As headlines amplify the dark side of Nickelodeon and McCurdy’s complicated relationship with Ariana Grande, this memoir is so much more than that. Jennette said it best herself, “this book can’t be reduced to any sort of headline,” I’m Glad My Mom Died is a visceral and emotional account of Jennette’s life from childhood to her mid-twenties. Having grown up watching Jennette on iCarly, reading her memoir has given me even more respect for her. Finishing this book and knowing she’s on the road to recovery makes me incredibly proud and happy. Her journey was hard and long, but reading her story of survival will have any reader encaptivated by her voice.


GOODREADS | AMAZON | AUTHOR

Review: All That’s Left Unsaid

Review: All That’s Left Unsaid

Rating: 3 out of 5.

*I received a copy from the publisher via Netgalley in return for an honest review. This in no way affected my opinion of the book.*

Ky Trans returns to her hometown of Cabramatta in the wake of her younger brother’s death after he was brutally murdered inside a restaurant. Ky discovers that not only do the police have no idea what happened, but every witness in the building also claims they saw nothing. Determined to find out what had happened, Ky is forced to recount her childhood as her own investigation will have her return to the community of Cabramatta, a place so buried in her past that the truth might never be free. 

Ky’s story will resonate with many children of immigrants, families whose lives were uprooted and planted in a foreign nation and left to survive in a community that doesn’t want them. The real Cabramatta is home to many Vietnamese families, and Lien incorporates the history well into this tale of a young woman desperate to find the truth. Her parents can barely speak English, so navigating the system is already a hurdle that only she can help her family with. When she realises finding the truth will be hard as people begin to suspect her brother was involved with the local gangs. She is forced to investigate the roots of her communities and face the harsh realities that she left behind. Intergenerational trauma, racism, addiction and poverty are just some of the hardships that Cabramatta faces. And Ky has to return to the roots of her parents, her brother and her childhood friend, who she had lost connection with years ago.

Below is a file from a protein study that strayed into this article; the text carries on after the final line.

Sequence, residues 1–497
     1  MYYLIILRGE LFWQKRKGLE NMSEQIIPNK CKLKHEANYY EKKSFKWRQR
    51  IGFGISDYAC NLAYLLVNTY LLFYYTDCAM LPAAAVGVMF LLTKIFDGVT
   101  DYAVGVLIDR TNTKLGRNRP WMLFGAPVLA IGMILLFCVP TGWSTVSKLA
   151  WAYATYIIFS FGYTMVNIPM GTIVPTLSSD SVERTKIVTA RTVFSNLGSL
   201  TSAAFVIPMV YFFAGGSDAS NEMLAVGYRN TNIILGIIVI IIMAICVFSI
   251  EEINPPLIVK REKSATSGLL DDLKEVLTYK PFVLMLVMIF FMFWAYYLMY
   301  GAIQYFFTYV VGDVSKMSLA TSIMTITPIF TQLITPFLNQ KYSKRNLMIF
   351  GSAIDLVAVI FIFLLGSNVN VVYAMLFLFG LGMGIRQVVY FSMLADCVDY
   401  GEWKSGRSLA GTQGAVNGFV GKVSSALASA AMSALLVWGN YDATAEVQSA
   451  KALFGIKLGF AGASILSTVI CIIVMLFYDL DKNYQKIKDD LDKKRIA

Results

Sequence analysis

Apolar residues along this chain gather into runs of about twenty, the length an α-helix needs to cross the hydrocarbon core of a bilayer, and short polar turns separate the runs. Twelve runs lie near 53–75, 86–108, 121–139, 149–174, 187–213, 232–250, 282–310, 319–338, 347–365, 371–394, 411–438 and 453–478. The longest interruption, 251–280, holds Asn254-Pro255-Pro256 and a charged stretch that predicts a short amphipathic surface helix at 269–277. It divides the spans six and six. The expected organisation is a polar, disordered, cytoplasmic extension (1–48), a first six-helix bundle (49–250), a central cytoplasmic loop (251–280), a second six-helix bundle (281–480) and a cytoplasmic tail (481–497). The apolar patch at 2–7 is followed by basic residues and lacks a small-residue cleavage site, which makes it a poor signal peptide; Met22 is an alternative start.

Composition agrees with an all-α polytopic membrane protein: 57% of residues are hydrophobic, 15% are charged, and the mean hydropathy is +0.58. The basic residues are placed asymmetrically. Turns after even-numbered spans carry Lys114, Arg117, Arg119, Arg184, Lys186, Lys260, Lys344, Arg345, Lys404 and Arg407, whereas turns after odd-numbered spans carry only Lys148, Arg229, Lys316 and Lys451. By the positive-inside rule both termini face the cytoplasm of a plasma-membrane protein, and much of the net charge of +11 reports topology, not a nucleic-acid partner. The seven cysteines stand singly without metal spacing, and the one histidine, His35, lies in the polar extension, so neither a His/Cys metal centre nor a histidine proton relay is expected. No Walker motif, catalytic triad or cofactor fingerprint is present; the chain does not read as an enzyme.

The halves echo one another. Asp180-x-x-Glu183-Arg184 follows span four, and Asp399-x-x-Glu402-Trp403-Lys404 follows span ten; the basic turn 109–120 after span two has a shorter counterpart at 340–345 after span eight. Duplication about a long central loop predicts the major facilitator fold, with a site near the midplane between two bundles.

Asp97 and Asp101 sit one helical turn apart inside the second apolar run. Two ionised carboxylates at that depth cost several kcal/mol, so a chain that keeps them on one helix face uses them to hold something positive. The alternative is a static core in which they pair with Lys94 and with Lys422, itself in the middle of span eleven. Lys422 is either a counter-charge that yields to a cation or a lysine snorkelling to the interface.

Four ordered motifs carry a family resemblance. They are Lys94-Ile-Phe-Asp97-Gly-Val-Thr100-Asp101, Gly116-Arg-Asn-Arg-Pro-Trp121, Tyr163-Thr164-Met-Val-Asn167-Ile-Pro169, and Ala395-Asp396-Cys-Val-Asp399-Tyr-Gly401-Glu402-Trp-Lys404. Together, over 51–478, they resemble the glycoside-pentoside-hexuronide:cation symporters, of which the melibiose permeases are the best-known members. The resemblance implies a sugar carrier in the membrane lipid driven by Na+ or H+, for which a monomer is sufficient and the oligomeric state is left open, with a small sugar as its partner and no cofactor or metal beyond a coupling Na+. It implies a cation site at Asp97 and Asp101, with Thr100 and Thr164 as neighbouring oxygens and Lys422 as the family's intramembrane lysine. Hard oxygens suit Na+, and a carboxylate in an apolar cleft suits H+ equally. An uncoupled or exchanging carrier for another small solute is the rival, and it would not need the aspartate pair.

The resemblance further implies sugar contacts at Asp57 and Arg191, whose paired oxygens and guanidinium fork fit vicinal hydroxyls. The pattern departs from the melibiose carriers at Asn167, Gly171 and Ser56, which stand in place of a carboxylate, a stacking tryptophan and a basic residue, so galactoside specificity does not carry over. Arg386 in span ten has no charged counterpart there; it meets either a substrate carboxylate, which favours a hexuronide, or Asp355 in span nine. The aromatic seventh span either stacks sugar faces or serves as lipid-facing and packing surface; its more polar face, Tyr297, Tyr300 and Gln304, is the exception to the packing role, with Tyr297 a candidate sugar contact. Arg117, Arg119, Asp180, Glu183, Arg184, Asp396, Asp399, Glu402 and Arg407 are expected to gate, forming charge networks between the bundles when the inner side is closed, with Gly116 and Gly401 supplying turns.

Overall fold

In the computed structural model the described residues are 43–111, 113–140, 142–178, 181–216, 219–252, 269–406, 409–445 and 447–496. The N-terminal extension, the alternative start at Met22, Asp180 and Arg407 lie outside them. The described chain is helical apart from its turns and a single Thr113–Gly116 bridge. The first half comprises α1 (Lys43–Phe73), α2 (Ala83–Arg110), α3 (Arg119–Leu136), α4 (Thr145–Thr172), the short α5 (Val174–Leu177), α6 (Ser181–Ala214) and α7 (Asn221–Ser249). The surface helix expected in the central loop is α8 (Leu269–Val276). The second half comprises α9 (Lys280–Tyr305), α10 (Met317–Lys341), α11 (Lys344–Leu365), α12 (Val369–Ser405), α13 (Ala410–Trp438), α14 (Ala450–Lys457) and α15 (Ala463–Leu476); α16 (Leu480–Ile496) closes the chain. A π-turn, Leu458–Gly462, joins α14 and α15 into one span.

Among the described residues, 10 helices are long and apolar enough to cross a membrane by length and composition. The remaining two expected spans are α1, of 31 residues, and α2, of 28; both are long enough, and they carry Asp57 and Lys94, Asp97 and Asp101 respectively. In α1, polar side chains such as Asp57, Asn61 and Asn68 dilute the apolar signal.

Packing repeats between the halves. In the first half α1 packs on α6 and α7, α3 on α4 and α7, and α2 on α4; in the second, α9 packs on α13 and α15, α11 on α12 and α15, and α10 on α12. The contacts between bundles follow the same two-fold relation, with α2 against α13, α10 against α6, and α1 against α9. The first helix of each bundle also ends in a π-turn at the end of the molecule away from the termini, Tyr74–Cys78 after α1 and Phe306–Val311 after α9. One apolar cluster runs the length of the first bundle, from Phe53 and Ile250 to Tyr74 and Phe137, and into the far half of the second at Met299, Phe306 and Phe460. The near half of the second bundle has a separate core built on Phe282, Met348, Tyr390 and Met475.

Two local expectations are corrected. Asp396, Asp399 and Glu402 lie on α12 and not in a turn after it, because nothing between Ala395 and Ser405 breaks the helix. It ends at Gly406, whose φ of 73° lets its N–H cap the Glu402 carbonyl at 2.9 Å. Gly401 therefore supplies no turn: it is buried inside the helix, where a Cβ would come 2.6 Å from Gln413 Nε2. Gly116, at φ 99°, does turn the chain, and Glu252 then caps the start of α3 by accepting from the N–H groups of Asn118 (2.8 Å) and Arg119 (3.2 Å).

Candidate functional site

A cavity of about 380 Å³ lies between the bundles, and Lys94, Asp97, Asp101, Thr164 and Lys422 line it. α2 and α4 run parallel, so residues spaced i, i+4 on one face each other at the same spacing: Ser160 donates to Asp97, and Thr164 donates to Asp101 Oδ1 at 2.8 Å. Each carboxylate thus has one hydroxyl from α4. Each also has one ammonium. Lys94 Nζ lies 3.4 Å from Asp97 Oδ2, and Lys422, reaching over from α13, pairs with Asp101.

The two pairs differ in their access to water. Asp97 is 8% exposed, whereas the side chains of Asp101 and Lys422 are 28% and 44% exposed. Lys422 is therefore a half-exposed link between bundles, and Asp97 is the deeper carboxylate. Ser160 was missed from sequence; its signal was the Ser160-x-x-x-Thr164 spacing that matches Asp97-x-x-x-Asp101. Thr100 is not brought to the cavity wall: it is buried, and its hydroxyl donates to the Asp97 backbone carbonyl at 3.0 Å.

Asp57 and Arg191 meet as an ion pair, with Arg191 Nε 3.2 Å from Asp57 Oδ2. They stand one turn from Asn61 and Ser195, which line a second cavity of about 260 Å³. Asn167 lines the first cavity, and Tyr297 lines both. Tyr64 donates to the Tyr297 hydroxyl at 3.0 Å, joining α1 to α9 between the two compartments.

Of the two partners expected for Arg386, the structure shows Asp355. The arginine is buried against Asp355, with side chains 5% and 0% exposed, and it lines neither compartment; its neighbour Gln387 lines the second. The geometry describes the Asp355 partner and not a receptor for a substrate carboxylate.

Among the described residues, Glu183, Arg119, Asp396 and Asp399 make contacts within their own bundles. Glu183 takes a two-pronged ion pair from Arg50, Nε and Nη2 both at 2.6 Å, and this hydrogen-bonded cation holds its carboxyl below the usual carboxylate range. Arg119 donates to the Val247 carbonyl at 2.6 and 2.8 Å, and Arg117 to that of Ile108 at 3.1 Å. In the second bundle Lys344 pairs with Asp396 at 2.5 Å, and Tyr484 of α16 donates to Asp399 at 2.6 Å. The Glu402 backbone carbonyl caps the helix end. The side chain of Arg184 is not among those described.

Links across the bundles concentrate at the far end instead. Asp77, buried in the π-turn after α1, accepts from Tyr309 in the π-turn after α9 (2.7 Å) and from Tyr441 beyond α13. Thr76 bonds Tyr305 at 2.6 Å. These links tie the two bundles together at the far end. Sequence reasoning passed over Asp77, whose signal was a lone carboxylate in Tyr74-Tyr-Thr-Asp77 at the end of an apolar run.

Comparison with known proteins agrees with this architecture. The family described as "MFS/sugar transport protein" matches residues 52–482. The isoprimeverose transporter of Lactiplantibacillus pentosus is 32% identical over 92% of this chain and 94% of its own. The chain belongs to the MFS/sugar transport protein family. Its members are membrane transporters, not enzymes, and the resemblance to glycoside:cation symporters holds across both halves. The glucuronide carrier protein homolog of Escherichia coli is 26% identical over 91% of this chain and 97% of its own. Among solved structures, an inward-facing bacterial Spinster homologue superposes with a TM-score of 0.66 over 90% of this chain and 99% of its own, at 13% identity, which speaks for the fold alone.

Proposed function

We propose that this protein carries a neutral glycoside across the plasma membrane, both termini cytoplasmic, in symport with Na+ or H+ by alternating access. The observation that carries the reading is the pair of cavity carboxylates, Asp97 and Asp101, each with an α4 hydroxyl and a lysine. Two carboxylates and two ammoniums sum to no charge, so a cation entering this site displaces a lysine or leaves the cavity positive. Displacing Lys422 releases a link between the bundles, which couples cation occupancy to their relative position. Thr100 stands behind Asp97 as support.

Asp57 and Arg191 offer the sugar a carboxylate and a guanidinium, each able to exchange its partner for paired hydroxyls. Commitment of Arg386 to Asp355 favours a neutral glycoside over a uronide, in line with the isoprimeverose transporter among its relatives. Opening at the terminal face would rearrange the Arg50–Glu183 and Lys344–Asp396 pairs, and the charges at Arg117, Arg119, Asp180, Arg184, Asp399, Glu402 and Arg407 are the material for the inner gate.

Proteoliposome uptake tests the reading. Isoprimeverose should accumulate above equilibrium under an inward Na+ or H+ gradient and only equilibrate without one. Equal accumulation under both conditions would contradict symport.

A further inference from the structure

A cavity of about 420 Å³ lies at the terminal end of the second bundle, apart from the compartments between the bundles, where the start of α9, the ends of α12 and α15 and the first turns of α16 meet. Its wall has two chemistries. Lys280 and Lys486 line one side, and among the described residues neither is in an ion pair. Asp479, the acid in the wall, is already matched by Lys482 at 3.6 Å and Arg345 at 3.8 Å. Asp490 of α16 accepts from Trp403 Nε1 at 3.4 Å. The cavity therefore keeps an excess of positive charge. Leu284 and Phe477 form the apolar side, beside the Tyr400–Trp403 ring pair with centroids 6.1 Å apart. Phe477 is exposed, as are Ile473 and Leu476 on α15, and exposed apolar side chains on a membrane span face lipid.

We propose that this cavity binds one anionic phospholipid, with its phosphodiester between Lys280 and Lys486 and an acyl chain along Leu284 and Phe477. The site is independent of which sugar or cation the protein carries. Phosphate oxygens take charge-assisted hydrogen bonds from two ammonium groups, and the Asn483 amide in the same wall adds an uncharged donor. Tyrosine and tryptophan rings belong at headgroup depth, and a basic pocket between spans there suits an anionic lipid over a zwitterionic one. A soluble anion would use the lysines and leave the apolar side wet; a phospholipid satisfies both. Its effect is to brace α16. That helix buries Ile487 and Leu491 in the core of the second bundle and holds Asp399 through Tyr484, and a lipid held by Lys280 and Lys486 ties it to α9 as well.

However, I did feel like there could’ve been a better distinction between the flashbacks of the past, as those scenes tend to blend into one. The mystery aspect of the story doesn’t hold up well, so in terms of suspense, I felt like it wasn’t strong enough to keep me on my toes. Nonetheless, Ky’s story is still heartbreaking and powerful. 

Overall, All That’s Left Unsaid is insightful and emotional. Lien has a strong writing style that compels me to look forward to future releases. A crafted story that brings forth a touching tale about community and survival while also a snapshot into the lives of the Vietnamese community in the 90s.


GOODREADS | AMAZON | AUTHOR